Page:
I do remember now that during part of the dinner conversations I was watching Ruth eat corn and thinking about how I have a familial connection to the simple act of eating corn. Because my dad made a living creating corn hybrids and each of us worked for dad at some point, and because I have many memories of shucking several wheelbarrows full of fresh corn each summer . . . the act of eating corn is (to me) a family ritual. It makes me happy to see my kids eat corn because it makes me feel that they are connected to their grandparents and their aunt and uncles in ways they may never understand or appreciate. I, however, appreciate it.

While wool-gathering on that issue, I also thought about how you sometimes hear people say that becoming a parent is a narcissistic act. But I don't understand that at all. My kids aren't going to be like me, any more than I am like my dad. Sure, there are mannerisms and superficialities that connect us together. There are even similarities in belief that tie us, but I am not him and they are not me--never have been and never will be. Their life experiences will greatly diverge from what I lived through and there is absolutely no way I grew up as my dad did.

After I finished daydreaming on such thoughts and wondering if/how I might convey that in a blog entry (I'm always thinking about that sort of thing now) we ended dinner and the next phase of the evening rituals--cleanup and the long transition towards bedtime.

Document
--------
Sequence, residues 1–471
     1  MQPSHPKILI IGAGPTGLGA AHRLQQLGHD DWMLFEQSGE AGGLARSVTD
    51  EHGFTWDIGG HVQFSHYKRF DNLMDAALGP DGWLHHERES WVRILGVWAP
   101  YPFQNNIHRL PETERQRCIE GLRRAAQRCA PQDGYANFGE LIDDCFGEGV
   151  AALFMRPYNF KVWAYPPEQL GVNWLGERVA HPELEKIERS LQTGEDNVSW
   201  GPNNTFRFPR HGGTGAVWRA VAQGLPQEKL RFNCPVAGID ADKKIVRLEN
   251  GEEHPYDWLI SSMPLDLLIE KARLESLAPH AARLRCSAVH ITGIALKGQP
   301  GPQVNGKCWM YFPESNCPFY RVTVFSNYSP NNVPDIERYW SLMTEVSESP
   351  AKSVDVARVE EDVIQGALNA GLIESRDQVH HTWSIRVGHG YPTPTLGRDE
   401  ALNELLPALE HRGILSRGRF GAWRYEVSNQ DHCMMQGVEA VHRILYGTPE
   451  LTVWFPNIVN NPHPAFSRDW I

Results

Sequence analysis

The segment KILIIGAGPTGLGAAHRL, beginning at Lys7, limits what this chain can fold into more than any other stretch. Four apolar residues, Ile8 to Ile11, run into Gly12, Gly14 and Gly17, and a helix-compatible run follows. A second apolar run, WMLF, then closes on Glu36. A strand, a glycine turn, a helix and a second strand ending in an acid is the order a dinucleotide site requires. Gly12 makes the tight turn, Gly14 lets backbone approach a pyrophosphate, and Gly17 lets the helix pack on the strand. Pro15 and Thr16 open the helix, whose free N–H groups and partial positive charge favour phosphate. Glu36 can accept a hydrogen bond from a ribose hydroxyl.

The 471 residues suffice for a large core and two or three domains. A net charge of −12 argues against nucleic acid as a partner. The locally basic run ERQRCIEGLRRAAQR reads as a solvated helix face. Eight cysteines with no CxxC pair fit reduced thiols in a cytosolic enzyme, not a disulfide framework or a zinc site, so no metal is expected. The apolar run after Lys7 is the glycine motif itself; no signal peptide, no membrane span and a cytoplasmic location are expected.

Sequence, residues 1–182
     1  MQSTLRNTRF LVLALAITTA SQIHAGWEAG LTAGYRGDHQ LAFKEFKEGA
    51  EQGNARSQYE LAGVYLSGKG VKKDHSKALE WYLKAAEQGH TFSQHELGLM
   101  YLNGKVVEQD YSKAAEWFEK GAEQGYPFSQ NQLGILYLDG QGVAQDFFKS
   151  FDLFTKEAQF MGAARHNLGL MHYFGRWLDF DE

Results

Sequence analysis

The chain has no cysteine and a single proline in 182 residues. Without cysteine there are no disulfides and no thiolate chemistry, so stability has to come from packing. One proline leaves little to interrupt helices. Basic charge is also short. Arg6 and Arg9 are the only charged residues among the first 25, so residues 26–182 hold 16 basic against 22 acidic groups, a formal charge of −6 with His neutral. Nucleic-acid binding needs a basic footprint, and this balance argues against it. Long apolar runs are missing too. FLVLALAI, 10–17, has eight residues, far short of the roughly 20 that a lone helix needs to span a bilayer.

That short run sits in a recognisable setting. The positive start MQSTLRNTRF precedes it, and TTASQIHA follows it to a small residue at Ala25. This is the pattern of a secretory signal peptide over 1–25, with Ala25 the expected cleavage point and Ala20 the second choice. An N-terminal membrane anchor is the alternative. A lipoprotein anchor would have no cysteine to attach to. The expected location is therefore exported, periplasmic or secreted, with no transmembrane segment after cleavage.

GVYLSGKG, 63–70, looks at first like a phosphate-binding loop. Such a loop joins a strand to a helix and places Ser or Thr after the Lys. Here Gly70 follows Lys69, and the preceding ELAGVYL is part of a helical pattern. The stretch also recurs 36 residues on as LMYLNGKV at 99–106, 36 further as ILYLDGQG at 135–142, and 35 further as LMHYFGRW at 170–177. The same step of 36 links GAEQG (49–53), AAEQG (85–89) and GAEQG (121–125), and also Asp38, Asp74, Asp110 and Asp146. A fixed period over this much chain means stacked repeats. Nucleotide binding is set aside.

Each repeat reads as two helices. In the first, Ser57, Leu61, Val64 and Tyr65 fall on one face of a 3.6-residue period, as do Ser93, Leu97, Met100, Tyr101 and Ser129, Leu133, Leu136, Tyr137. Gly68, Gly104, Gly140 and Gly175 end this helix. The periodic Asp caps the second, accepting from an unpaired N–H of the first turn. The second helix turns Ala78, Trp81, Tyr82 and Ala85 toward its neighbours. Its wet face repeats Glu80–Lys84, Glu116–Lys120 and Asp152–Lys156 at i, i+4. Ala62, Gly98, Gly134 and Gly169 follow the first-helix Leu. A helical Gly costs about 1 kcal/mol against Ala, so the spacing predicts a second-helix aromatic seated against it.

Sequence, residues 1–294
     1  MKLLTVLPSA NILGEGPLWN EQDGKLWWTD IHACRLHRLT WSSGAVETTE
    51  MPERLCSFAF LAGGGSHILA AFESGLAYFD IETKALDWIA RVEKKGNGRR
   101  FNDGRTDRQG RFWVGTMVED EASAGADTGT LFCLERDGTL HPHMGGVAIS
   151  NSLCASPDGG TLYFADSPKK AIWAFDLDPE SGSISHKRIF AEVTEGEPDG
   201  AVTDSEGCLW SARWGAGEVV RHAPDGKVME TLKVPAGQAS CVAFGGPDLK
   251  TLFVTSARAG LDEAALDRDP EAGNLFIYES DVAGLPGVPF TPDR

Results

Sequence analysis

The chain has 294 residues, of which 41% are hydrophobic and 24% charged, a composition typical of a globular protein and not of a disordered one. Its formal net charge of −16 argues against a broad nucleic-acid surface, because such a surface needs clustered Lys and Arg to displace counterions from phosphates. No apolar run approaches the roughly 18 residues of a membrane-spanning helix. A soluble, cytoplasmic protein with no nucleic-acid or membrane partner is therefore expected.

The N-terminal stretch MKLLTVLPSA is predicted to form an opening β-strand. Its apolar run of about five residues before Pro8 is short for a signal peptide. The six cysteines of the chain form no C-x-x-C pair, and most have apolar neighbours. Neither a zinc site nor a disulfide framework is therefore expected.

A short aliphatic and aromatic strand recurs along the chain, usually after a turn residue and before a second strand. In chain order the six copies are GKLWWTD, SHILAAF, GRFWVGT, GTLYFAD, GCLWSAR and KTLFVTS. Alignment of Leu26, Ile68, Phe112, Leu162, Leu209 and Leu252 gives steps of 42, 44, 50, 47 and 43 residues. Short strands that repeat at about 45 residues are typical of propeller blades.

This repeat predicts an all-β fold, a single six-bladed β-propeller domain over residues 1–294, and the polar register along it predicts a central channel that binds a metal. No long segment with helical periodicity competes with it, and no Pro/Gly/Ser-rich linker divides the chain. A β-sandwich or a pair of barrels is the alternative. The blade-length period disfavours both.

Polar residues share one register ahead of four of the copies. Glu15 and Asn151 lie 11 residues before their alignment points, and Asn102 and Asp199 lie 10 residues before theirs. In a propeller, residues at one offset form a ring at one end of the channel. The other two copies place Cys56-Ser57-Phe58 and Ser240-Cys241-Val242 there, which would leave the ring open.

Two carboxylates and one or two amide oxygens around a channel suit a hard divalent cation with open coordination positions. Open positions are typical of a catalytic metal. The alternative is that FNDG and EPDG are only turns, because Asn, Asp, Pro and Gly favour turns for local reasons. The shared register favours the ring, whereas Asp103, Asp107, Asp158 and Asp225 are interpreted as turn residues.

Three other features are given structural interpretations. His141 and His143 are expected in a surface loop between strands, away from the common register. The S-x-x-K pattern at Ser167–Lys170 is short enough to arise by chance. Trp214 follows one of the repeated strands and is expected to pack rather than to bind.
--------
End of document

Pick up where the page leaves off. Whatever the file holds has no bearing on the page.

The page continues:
Ariel and Ruth went back to more Reader Rabbit edutainment while Tegan helped me clean the kitchen. After a few minutes of this, T. took the girls upstairs for their baths and toothbrushing. I sat down to finish folding some laundry and read a Newsweek story on Karl Rove. Ruth came down to kiss me good night while Ariel went back to more Reader Rabbit. I let Ariel play on her own for a bit while I read some more. T. finally got Ruth to sleep and then I heard her putting away the laundry upstairs. I then pulled out my small bit of work that I brought home and got that underway.

Tegan came downstairs to deliver a freshly dried pile of clothes and get ready to go back to the office. But before she left, she read Ariel a story. Then I read two stories of my own to Ariel and started convincing her to head upstairs. It took a few minutes but eventually she got up there with some paper to color on. I came back downstairs to fold the aforementioned pile of new clothes. After a small interval, I heard Ariel come downstairs (as I knew she would). She needed me to position her fan . . . oh, don't ask. But then she was done and in bed.

I came down, finished the laundry while Sex and the City was on. (Yeah, I KNOW, okay?!) But normally we have our bible study group on Tuesday and so I don't have much TV knowledge of Tuesday's schedule.

Got the laundry folded, re-basketed and staged it at the foot of the stairs. I'll take it upstairs later tonight and redistribute the appropriate piles in the appropriate rooms tomorrow.

So, here we are. I'm blogging, Tegan's at the office working, the girls are asleep. $40 a Day is playing on the Food Network.

Exciting, huh?

Monday, July 18, 2005

Harry Potter update and review